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We’ve covered a great deal about social media here on the WebPT blog—from Facebook and Twitter to LinkedIn and Yelp. Perhaps, though, your practice already has these incredibly common and popular platforms down pat; maybe you’re looking for a different way to reach your audience online or help yourself grow as a professional. Here’s an answer that satisfies all of these criteria: Pinterest.
What is Pinterest?
Pinterest is a tool that people use to organize whatever interests them online. Users create different categories called “boards” and then save—or “pin”—websites to those boards. The only caveat is that whatever website or webpage you pin has to have an image associated with it. Your boards then organize your pins by these images. Essentially, Pinterest is a visual way for you to see and keep track of your bookmarks. It’s a social media platform because people can view, comment on, like, and “repin” your pins, and you can do the same. You can also follow users or specific boards.
Okay, so Pinterest looks and sounds cool, but you may be wondering why you should give a hoot from a business perspective. For starters, potential patients are on Pinterest. Consider the following stats Digital Marketing Ramblings organized and shared:
- Pinterest has 70 million users, 80% of whom are women.
- The site has 500,000 business accounts.
- Pinterest receives 2.5 billion page views every month.
- It’s the third largest social media platform, and 9 million users have their Pinterest account connected with their Facebook account.
- Pinterest referrals spend 70% more money than visitors referred from non-social channels.
- 17 million brand engagements have occurred on Pinterest, and 43% of users knowingly associate with retailers and brands on Pinterest (compared to 24% on Facebook).
- The most popular age group on Pinterest is 25–34 years old, and 50% of all Pinterest users have children.
How can I use Pinterest to Market my Business?
As we’ve explained in previous posts, marketing today—especially online—is all about content, and if you support that content with good images, then Pinterest is the perfect place to share and promote your stuff. First, create a Pinterest business account. Then you can create boards based on what interests your audience; (defer to your marketing plan for a refresher on your target audience). For example, you could pin home exercises and stretches based on injuries or body parts (a separate board for each). You could also pin wellness tips, motivational quotes, healthy food recommendations, how-to videos (yes, you can pin videos), relevant infographics, or prevention tips based on your niche.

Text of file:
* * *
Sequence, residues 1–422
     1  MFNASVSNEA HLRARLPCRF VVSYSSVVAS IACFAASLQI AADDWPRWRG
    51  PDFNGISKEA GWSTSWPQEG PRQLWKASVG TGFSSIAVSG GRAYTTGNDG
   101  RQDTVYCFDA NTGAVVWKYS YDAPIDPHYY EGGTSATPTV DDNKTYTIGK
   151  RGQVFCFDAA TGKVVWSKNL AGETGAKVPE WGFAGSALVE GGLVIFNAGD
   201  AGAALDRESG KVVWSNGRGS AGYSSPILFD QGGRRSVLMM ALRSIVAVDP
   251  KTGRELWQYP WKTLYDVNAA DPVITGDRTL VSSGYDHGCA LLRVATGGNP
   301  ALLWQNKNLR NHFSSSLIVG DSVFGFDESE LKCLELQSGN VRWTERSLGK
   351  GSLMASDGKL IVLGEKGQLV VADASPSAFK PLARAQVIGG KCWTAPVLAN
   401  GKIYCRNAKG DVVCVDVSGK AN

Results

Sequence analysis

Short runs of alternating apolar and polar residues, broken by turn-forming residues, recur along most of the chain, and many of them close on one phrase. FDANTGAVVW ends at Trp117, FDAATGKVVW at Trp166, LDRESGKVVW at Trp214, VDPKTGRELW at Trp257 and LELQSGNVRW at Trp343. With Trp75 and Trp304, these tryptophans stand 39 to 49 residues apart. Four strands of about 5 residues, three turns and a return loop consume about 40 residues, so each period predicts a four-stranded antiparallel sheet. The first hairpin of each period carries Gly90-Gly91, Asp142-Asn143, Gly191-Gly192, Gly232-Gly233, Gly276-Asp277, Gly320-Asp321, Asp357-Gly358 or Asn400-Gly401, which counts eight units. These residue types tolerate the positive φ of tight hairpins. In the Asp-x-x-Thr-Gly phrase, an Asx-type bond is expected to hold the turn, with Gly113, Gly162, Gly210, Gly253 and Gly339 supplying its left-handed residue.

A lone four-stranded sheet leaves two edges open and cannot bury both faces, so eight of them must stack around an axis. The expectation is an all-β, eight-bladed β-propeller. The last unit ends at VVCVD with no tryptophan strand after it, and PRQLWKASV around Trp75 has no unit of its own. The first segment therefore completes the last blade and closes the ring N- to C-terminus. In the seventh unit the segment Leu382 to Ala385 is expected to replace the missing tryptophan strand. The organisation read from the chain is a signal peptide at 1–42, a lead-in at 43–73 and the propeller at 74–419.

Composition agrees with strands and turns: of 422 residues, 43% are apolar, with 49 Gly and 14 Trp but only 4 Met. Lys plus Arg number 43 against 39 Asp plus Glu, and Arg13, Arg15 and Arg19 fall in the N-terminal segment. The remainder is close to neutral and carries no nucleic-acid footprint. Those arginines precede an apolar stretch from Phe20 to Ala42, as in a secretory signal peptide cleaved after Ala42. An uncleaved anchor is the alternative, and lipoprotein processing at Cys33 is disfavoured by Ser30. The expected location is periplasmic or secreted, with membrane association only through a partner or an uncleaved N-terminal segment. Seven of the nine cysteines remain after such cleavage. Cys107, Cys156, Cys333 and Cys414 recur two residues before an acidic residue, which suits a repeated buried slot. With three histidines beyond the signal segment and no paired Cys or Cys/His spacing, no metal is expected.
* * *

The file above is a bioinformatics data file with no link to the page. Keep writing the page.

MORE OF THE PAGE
By pinning what’s beneficial and relatable to your audience, you can establish yourself as a thought leader, while strengthening your brand. Just make sure you demonstrate your brand’s personality, get creative, engage with others, and mix others’ content with your own. Sharing your own content, especially from your practice’s blog, is important because it drives traffic to your website. While you’re at it, add a “Follow Me on Pinterest” button to your website, too.
Here are some getting-started tips and success stories from Pinterest. I also recommend this Copyblogger post, which features pinning tips for beginner, intermediate, and black belt (expert) pinners. Once you feel pretty good about your pinning prowess, check out Pinterest’s analytics and metrics.
How can I use Pinterest to help myself as a rehab therapist?
In a post titled Pinterest and Therapy: Using Pinterest as a Therapy Resource, Rehab Alternative explains that many speech, occupational, and physical therapists use Pinterest as a way to organize resources related to their profession. “While many professionals are accustomed to using magazines, training sessions, or books as a resource, [you can access] the resources posted on Pinterest...for free, whenever you have an internet connection!” (Oh, the perks of cloud-based tools!)7
Create boards and use Pinterest to organize, collect, and curate limitless therapy resources. Using the search bar, you can find activities, exercises, equipment, treatments, do-it-yourself projects, PT products, and published studies, all related to your profession. Furthermore, you can find advice and recommendations related to owning a business, hiring, getting hired, building a resume, continuing education, and other fields not directly associated with therapy, but very relevant to you as a professional or small business owner.
What are Pinterest’s rules?
All social media has etiquette. Be mindful of Pinterest's. The short version? Be nice, credit your sources, abide by copyright laws, avoid overt self-promotion, report objectionable or offensive content, and share your feedback.
And that’s Pinterest in a nutshell from a marketing and professional perspective. Curious about Pinterest? I’m an avid pinner, so please share any questions or concerns you have in the comments below. Does your practice use Pinterest? Great! Share your experience and best practices in the comments as well.